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Publication numberUS20100016132 A1
Publication typeApplication
Application numberUS 12/474,676
Publication dateJan 21, 2010
Filing dateMay 29, 2009
Priority dateMay 29, 2008
Also published asUS8684894
Publication number12474676, 474676, US 2010/0016132 A1, US 2010/016132 A1, US 20100016132 A1, US 20100016132A1, US 2010016132 A1, US 2010016132A1, US-A1-20100016132, US-A1-2010016132, US2010/0016132A1, US2010/016132A1, US20100016132 A1, US20100016132A1, US2010016132 A1, US2010016132A1
InventorsThomas S. Flynn
Original AssigneeFlynn Thomas S
Export CitationBiBTeX, EndNote, RefMan
External Links: USPTO, USPTO Assignment, Espacenet
Multipurpose Modular Exercise and Fitness Apparatus
US 20100016132 A1
Abstract
An apparatus for performing stretching and strengthening exercises for the human body includes a substantially nonelastic strap segment having a first end and a second end, a strap housing connected to the strap segment first end with a mechanism to lock the strap at a desired length of extension from the housing, an elastic resistance band having a first end and a second end, with the elastic resistance band first end connected to the strap segment second end, and an anchor point releasably connected to the elastic resistance band second end. A user can grasp the strap housing either directly or by a handle or bar, adjust the length of the strap and elastic resistance band, and affix the anchor point to a cuff, loop, stirrup, or other article to perform stretching and strengthening exercises. Alternatively, the strap housing can itself be affixed to a glove, mat, bracket, or other article, and the anchor point grasped by or secured to the user to perform exercises.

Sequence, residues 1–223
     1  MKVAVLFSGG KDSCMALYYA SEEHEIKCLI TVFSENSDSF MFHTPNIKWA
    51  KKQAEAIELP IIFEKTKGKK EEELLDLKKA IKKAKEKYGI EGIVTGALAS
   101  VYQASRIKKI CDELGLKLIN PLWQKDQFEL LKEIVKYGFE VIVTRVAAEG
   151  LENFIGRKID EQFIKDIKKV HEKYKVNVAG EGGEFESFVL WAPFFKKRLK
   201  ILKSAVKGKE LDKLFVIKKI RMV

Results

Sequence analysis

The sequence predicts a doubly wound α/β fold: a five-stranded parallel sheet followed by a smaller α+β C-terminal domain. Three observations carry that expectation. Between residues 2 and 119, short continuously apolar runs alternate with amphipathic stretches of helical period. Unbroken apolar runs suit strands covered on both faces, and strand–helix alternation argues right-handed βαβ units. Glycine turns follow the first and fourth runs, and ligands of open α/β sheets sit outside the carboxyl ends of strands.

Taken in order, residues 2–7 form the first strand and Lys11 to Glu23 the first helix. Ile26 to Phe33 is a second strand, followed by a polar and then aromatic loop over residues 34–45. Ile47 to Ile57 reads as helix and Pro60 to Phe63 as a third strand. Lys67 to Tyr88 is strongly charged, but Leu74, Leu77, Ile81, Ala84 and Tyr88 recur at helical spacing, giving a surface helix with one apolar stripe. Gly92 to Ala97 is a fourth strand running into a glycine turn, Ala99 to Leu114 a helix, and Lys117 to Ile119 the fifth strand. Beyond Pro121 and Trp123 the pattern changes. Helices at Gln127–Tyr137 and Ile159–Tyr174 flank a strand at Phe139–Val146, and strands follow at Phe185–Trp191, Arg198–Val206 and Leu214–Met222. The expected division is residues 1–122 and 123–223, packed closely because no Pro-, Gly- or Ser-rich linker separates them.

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Claims(19)
1. A modular exercise and fitness apparatus, said apparatus comprising:
a substantially nonelastic strap segment having a first end and a second end;
a strap housing connected to said strap segment first end, said strap housing including means for locking said strap segment at a desired length of extension from said strap housing;
an elastic resistance band having a first end and a second end, said elastic resistance band first end connected to said strap segment second end; and
an anchor point releasably connected to said elastic resistance band second end.
2. The modular exercise and fitness apparatus of claim 1 wherein said anchor point comprises a loop.
3. The modular exercise and fitness apparatus of claim 2 wherein said anchor point comprises a cuff.
4. The modular exercise and fitness apparatus of claim 3 wherein said cuff is inflatable and includes a pump to adjust pressure and fit.